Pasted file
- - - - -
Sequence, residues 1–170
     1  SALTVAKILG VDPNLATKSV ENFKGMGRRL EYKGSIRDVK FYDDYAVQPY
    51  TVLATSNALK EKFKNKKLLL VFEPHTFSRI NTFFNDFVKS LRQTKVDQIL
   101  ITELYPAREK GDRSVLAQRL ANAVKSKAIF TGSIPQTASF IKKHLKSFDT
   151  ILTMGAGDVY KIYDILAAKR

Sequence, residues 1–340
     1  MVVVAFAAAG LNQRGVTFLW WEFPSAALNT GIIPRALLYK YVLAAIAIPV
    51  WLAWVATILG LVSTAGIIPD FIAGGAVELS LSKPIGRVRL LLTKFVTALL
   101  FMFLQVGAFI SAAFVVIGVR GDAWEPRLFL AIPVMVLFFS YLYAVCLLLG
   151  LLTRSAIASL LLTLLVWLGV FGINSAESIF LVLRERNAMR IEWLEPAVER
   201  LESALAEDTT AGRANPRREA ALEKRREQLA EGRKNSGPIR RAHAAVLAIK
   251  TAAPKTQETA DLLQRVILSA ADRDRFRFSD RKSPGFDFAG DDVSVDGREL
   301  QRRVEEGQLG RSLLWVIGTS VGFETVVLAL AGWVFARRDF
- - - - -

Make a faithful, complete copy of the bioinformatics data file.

Sequence, residues 1–170
     1  SALTVAKILG VDPNLATKSV ENFKGMGRRL EYKGSIRDVK FYDDYAVQPY
    51  TVLATSNALK EKFKNKKLLL VFEPHTFSRI NTFFNDFVKS LRQTKVDQIL
   101  ITELYPAREK GDRSVLAQRL ANAVKSKAIF TGSIPQTASF IKKHLKSFDT
   151  ILTMGAGDVY KIYDILAAKR

Sequence, residues 1–340
     1  MVVVAFAAAG LNQRGVTFLW WEFPSAALNT GIIPRALLYK YVLAAIAIPV
    51  WLAWVATILG LVSTAGIIPD FIAGGAVELS LSKPIGRVRL LLTKFVTALL
   101  FMFLQVGAFI SAAFVVIGVR GDAWEPRLFL AIPVMVLFFS YLYAVCLLLG
   151  LLTRSAIASL LLTLLVWLGV FGINSAESIF LVLRERNAMR IEWLEPAVER
   201  LESALAEDTT AGRANPRREA ALEKRREQLA EGRKNSGPIR RAHAAVLAIK
   251  TAAPKTQETA DLLQRVILSA ADRDRFRFSD RKSPGFDFAG DDVSVDGREL
   301  QRRVEEGQLG RSLLWVIGTS VGFETVVLAL AGWVFARRDF